Plaque erected in memory of so-called ‘Witches of Islandmagee’

Tuesday 21 March 2023

A plaque commemorating nine people convicted of witchcraft more than 300 years ago has been unveiled in Mid and East Antrim.

Author Martina Devlin, Mayor Alderman Noel Williams and Councillor Maeve Donnelly

The Islandmagee witch trial took place in 1711 and is believed to have been the last witch trial to take place anywhere on the island of Ireland.

Eight women were put on trial and subsequently found guilty of exercising witchcraft on the body of another local, Mary Dunbar.

The women were tried under the Irish 1586 Witchcraft Act and found guilty by a jury at County Antrim’s Criminal Assize Court held in Carrickfergus on 31 March 1711. They were sentenced to a year’s imprisonment and to be pilloried four times on market day for six hours.

They were: Janet Carson, Janet Latimer, Janet Main, Janet Millar, Margaret Mitchell, Catherine McCalmond, Janet Liston and Elizabeth Sellor.

A Dublin Newspaper reported on 24 April 1711 that Mary died of unknown causes shortly after the trial.

The last suspect, William Sellor, father to Elizabeth Sellor and husband to Janet Liston, was found guilty of Mary’s bewitchment at the same court on 11 September 1711.

In 2015 the then Larne Borough Council approved the installation and wording for a small plaque to be displayed in the vicinity of the Gobbins Visitor Centre along with some planting, to commemorate the trial and conviction of those involved.

Following approval at Mid and East Antrim Borough Council’s Borough Growth Committee on 21 November 2022, and subsequent ratification at the Full Council meeting on 5 December 2022, Council designed a commemorative plaque relating to the so-called ‘Witches of Islandmagee’.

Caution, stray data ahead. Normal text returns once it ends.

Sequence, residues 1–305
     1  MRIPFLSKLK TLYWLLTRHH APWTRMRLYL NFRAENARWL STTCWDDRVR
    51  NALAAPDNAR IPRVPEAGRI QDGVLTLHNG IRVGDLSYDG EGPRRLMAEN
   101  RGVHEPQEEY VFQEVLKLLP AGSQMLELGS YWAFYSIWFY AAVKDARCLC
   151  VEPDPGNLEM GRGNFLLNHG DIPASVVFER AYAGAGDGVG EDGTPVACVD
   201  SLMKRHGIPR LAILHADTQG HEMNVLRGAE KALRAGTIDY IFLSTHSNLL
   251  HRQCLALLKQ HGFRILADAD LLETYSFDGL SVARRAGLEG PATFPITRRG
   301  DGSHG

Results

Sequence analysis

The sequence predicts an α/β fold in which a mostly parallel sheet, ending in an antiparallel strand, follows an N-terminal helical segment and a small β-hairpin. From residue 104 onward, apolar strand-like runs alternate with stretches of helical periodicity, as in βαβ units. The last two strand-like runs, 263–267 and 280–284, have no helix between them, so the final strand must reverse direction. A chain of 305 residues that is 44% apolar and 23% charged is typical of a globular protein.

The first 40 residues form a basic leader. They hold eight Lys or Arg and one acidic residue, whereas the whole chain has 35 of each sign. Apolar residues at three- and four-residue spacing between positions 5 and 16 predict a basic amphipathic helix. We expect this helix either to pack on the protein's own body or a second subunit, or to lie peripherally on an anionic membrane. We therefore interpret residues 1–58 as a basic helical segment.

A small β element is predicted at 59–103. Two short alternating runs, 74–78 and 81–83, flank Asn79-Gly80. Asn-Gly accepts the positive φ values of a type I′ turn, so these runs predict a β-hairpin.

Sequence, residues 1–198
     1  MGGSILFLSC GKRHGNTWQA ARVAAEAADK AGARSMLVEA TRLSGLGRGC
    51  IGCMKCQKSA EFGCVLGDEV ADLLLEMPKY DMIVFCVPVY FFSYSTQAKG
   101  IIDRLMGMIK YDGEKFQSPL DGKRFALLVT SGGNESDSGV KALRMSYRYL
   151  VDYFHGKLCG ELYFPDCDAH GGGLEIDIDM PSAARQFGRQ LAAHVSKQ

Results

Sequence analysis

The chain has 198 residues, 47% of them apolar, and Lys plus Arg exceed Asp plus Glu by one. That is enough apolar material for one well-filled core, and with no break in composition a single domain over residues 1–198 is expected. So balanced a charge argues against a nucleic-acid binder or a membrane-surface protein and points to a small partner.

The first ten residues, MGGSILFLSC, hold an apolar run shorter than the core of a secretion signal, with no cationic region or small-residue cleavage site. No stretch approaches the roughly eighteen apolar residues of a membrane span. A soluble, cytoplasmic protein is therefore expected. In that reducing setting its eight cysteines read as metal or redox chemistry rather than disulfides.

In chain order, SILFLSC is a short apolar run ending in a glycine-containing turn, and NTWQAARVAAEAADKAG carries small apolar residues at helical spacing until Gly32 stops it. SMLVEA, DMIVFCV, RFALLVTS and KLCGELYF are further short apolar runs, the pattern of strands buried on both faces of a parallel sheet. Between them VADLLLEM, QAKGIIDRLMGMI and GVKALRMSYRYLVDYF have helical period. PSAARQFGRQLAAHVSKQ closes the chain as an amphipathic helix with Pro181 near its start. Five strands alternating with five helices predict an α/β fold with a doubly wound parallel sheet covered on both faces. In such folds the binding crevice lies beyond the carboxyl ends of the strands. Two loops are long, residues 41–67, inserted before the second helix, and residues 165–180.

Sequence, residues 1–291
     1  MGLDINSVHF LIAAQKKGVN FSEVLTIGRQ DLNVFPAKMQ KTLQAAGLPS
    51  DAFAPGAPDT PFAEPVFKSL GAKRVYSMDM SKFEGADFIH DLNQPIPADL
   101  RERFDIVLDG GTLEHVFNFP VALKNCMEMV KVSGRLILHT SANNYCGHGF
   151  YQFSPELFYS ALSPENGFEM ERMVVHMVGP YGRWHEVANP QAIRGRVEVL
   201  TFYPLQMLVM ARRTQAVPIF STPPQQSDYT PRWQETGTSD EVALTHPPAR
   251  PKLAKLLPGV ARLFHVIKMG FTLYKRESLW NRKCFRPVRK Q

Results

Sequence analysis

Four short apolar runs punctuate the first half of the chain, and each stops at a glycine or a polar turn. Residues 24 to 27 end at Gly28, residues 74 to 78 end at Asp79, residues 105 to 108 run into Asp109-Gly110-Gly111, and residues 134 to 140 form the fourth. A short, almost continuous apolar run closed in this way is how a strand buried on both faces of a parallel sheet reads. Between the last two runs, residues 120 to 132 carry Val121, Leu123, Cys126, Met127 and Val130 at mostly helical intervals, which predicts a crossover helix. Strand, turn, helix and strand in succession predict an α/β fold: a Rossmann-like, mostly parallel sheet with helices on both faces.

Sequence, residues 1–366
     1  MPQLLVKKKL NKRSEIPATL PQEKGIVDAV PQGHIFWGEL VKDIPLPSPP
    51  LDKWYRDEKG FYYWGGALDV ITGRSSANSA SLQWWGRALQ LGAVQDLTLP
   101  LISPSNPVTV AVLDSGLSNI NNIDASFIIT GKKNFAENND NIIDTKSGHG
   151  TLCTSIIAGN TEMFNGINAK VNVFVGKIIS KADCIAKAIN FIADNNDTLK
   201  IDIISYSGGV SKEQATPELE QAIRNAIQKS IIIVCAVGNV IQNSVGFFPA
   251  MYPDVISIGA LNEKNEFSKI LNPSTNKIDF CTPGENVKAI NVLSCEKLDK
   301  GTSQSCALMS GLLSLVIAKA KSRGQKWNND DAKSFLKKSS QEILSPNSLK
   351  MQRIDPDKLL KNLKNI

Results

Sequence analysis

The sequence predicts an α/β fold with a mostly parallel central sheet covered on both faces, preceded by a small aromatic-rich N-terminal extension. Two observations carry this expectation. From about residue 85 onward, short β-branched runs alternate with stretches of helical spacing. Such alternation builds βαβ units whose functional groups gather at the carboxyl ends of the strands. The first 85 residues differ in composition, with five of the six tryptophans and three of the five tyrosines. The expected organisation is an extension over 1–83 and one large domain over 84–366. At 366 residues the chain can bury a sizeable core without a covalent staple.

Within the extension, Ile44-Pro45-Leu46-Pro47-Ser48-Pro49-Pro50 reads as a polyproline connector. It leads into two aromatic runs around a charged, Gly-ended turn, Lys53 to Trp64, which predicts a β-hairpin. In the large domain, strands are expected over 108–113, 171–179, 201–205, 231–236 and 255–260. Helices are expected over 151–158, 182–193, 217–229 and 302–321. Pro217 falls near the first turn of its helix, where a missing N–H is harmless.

It was officially unveiled by the Mayor of Mid and East Antrim, Alderman Noel Williams, at the Gobbins Visitor Centre, Islandmagee, on Tuesday morning.

He was joined by Councillor Maeve Donnelly, and Martina Devlin, author of The House Where It Happened, a fiction story based on the 1711 events, and who has been a long-time advocate of a memorial to those involved.

The Mayor said: “This plaque marks what we believe to have been the last so-called witch trial to take place in Ireland.

“One can only imagine the impact this trial would have had on not only the accused, but the entire community. Relatives of those convicted still live in the area today and the story of the Witches of Islandmagee is still very much in the minds of local people.

“The installation of the plaque at the Gobbins Visitor Centre commemorates the events of three centuries ago, remembers all those involved and also highlights the story to those visiting the area who may not be aware of this unique piece of history.”

Meanwhile, a special exhibition organised by Carrickfergus Museum in conjunction with Ulster University is set to launch in September.

It will include a range of interpretative applications that have been developed by a multi- disciplinary team at Ulster University.

These include a virtual reality experience, animation, graphic novel and choice-driven video game.

It will also feature art installations, graphic interpretative panels and a range of objects from museum collections. Further information regarding the exhibition will be publicised in due course.